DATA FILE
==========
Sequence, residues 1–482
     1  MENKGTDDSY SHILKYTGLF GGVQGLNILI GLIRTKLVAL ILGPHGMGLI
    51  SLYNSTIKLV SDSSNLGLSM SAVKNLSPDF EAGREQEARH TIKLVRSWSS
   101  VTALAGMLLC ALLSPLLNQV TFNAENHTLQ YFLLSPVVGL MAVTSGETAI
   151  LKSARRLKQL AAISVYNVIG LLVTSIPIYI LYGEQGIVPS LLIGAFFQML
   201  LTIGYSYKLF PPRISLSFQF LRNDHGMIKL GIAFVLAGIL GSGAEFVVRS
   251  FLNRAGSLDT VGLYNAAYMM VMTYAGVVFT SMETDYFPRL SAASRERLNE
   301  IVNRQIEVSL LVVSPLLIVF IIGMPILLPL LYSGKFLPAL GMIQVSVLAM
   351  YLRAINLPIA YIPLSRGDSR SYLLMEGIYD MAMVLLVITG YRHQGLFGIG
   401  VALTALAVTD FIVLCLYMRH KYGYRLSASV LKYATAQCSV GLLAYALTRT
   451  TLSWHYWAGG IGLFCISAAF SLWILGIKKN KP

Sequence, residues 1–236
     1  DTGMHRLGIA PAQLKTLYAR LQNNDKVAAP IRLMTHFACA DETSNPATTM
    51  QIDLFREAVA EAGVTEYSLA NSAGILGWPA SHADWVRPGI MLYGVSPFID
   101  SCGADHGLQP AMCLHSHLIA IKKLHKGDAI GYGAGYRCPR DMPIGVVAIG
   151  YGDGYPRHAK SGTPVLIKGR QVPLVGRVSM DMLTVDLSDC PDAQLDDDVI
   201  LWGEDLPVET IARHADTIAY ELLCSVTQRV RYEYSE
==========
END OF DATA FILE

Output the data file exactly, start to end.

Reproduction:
Sequence, residues 1–482
     1  MENKGTDDSY SHILKYTGLF GGVQGLNILI GLIRTKLVAL ILGPHGMGLI
    51  SLYNSTIKLV SDSSNLGLSM SAVKNLSPDF EAGREQEARH TIKLVRSWSS
   101  VTALAGMLLC ALLSPLLNQV TFNAENHTLQ YFLLSPVVGL MAVTSGETAI
   151  LKSARRLKQL AAISVYNVIG LLVTSIPIYI LYGEQGIVPS LLIGAFFQML
   201  LTIGYSYKLF PPRISLSFQF LRNDHGMIKL GIAFVLAGIL GSGAEFVVRS
   251  FLNRAGSLDT VGLYNAAYMM VMTYAGVVFT SMETDYFPRL SAASRERLNE
   301  IVNRQIEVSL LVVSPLLIVF IIGMPILLPL LYSGKFLPAL GMIQVSVLAM
   351  YLRAINLPIA YIPLSRGDSR SYLLMEGIYD MAMVLLVITG YRHQGLFGIG
   401  VALTALAVTD FIVLCLYMRH KYGYRLSASV LKYATAQCSV GLLAYALTRT
   451  TLSWHYWAGG IGLFCISAAF SLWILGIKKN KP

Sequence, residues 1–236
     1  DTGMHRLGIA PAQLKTLYAR LQNNDKVAAP IRLMTHFACA DETSNPATTM
    51  QIDLFREAVA EAGVTEYSLA NSAGILGWPA SHADWVRPGI MLYGVSPFID
   101  SCGADHGLQP AMCLHSHLIA IKKLHKGDAI GYGAGYRCPR DMPIGVVAIG
   151  YGDGYPRHAK SGTPVLIKGR QVPLVGRVSM DMLTVDLSDC PDAQLDDDVI
   201  LWGEDLPVET IARHADTIAY ELLCSVTQRV RYEYSE